with her, but finally it was accomplished and she
joined us sometimes in our play.

I liked her from the first. She was of most pleasing
appearance. She was very mild. Her eyes were the
mildest I had ever seen. In this she was quite unlike
the rest of the girls and women of the Folk, who were
born viragos. She never made harsh, angry cries, and
it seemed to be her nature to flee away from trouble
rather than to remain and fight.

The mildness I have mentioned seemed to emanate from
her whole being. Her bodily as well as facial
appearance was the cause of this. Her eyes were larger
than most of her kind, and they were not so deep-set,
while the lashes were longer and more regular. Nor was
her nose so thick and squat. It had quite a bridge,
and the nostrils opened downward. Her incisors were
not large, nor was her upper lip long and down-hanging,
nor her lower lip protruding. She was not very hairy,
except on the outsides of arms and legs and across the
shoulders; and while she was thin-hipped, her calves
were not twisted and gnarly.

I have often wondered, looking back upon her from the
twentieth century through the medium of my dreams, and
it has always occurred to me that possibly she may have
been related to the Fire People. Her father, or
mother, might well have come from that higher stock.
While such things were not common, still they did
occur, and I have seen the proof of them with my own
eyes, even to the extent of members of the horde
turning renegade and going to live with the Tree
People.

All of which is neither here nor there. The Swift One
was radically different from any of the females of the
horde, and I had a liking for her from the first. Her
mildness and gentleness attracted me. She was never
rough, and she never fought. She always ran away, and
right here may be noted the significance of the naming
of her. She was a better climber than Lop-Ear or I.
When we played tag we could never catch her except by
accident, while she could catch us at will. She was
remarkably swift in all her movements, and she had a
genius for judging distances that was equalled only by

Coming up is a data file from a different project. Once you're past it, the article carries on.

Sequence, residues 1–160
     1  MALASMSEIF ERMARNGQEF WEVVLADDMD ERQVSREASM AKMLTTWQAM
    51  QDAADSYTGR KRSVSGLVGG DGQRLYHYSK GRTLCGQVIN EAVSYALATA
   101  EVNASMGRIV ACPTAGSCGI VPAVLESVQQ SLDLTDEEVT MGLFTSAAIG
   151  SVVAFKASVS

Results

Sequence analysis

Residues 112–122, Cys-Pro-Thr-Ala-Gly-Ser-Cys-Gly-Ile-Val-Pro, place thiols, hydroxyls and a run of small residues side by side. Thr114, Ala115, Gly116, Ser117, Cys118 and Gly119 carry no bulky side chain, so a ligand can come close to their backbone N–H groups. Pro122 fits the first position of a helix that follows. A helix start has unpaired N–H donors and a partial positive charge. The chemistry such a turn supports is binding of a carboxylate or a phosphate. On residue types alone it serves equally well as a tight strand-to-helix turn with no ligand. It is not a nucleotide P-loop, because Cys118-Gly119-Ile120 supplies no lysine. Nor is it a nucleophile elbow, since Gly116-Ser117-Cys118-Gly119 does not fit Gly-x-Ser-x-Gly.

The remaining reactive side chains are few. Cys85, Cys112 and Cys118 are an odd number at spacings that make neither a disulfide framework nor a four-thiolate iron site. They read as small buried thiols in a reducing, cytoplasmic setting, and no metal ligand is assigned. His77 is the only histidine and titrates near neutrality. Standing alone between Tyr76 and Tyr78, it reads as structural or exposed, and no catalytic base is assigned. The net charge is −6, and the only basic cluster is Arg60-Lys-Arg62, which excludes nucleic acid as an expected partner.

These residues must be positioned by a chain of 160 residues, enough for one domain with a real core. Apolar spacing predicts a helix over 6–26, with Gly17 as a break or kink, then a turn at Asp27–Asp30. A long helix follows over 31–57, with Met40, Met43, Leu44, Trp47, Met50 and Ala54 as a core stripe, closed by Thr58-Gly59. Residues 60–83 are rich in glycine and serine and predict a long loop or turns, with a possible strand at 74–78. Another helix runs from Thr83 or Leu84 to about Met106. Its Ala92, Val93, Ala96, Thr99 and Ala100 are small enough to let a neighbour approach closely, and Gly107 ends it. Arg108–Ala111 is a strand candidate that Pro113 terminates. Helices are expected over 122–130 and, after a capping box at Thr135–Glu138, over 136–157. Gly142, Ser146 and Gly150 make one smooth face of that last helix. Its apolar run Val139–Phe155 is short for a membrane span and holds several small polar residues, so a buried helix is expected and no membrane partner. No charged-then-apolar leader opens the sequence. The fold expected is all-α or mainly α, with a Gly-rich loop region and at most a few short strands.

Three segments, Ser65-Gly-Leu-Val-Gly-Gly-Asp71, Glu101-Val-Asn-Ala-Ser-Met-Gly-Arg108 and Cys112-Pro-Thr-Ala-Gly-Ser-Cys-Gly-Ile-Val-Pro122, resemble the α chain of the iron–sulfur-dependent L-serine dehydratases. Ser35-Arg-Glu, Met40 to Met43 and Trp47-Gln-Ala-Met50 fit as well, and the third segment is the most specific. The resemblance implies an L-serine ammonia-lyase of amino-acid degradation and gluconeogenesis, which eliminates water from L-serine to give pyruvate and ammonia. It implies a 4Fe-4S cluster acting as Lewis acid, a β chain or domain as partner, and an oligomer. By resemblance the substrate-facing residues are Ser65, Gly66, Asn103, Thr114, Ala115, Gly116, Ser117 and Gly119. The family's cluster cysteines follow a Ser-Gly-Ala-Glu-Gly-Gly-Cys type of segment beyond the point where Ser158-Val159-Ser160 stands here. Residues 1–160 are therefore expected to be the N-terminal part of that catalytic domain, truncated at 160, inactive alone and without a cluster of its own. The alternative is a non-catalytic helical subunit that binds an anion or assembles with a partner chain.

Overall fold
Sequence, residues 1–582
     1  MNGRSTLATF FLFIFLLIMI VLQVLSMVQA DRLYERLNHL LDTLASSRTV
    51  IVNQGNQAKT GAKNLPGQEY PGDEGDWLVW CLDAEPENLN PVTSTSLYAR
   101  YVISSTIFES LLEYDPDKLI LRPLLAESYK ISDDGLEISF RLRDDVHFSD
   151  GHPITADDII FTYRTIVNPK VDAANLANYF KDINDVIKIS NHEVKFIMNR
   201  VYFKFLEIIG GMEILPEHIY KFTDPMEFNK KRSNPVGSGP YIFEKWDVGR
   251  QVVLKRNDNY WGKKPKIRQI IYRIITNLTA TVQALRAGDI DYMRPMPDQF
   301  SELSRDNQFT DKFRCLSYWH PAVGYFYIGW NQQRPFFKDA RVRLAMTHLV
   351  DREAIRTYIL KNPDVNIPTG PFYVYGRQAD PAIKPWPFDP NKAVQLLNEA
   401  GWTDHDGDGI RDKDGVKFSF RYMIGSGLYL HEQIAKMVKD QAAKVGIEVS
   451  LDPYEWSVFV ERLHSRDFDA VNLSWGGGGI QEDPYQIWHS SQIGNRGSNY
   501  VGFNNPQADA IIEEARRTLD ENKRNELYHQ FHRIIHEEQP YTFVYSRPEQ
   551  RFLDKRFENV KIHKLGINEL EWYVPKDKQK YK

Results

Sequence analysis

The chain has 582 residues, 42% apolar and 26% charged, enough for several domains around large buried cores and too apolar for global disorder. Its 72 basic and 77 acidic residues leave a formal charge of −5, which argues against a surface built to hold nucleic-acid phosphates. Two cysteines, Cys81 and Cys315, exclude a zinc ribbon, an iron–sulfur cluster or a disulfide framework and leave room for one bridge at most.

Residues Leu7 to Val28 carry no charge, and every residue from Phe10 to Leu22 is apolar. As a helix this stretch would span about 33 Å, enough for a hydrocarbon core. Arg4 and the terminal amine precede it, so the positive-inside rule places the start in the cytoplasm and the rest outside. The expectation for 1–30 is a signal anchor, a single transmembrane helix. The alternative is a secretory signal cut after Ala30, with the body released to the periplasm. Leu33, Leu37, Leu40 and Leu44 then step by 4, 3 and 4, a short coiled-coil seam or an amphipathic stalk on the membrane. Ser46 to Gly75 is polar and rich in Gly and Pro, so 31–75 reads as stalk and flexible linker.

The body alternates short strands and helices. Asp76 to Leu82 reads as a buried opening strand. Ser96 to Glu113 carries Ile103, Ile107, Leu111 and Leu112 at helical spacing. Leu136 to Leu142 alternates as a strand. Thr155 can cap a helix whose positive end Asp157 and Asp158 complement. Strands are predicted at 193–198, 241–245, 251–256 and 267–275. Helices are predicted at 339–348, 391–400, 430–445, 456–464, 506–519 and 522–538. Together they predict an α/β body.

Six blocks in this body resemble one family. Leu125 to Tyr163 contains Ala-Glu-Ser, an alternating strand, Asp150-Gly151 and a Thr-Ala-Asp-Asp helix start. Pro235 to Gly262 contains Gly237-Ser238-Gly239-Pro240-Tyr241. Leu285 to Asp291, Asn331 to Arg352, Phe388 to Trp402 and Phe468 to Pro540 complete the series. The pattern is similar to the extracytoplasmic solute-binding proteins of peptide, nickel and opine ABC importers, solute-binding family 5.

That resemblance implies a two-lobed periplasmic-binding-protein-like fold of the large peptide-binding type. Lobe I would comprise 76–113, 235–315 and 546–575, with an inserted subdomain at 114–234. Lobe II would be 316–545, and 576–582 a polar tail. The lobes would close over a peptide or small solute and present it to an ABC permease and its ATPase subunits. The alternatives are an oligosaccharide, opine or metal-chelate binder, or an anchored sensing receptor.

her daring. Excessively timid in all other matters,
she was without fear when it came to climbing or
running through the trees, and Lop-Ear and I were
awkward and lumbering and cowardly in comparison.

She was an orphan. We never saw her with any one, and
there was no telling how long she had lived alone in
the world. She must have learned early in her helpless
childhood that safety lay only in flight. She was very
wise and very discreet. It became a sort of game with
Lop-Ear and me to try to find where she lived. It was
certain that she had a tree-shelter somewhere, and not
very far away; but trail her as we would, we could
never find it. She was willing enough to join with us
at play in the day-time, but the secret of her
abiding-place she guarded jealously.

CHAPTER XI

It must be remembered that the description I have just
given of the Swift One is not the description that
would have been given by Big-Tooth, my other self of my
dreams, my prehistoric ancestor. It is by the medium of
my dreams that I, the modern man, look through the eyes
of Big-Tooth and see.

And so it is with much that I narrate of the events of
that far-off time. There is a duality about my
impressions that is too confusing to inflict upon my
readers. I shall merely pause here in my narrative to
indicate this duality, this perplexing mixing of
personality. It is I, the modern, who look back across
the centuries and weigh and analyze the emotions and
motives of Big-Tooth, my other self. He did not
bother to weigh and analyze. He was simplicity itself.
He just lived events, without ever pondering why he
lived them in his particular and often erratic way.

As I, my real self, grew older, I entered more and more
into the substance of my dreams. One may dream, and
even in the midst of the dream be aware that he is
dreaming, and if the dream be bad, comfort himself with
the thought that it is only a dream. This is a common
experience with all of us. And so it was that I, the
modern, often entered into my dreaming, and in the
consequent strange dual personality was both actor and
spectator. And right often have I, the modern, been
perturbed and vexed by the foolishness, illogic,
obtuseness, and general all-round stupendous stupidity
of myself, the primitive.

And one thing more, before I end this digression. Have
you ever dreamed that you dreamed? Dogs dream, horses
dream, all animals dream. In Big-Tooth's day the
half-men dreamed, and when the dreams were bad they
howled in their sleep. Now I, the modern, have lain
down with Big-Tooth and dreamed his dreams.

This is getting almost beyond the grip of the
intellect, I know; but I do know that I have done this
thing. And let me tell you that the flying and
crawling dreams of Big-Tooth were as vivid to him as
the falling-through-space dream is to you.

For Big-Tooth also had an other-self, and when he slept
that other-self dreamed back into the past, back to the
winged reptiles and the clash and the onset of dragons,
and beyond that to the scurrying, rodent-like life of
the tiny mammals, and far remoter still, to the
shore-slime of the primeval sea. I cannot, I dare not,
say more. It is all too vague and complicated and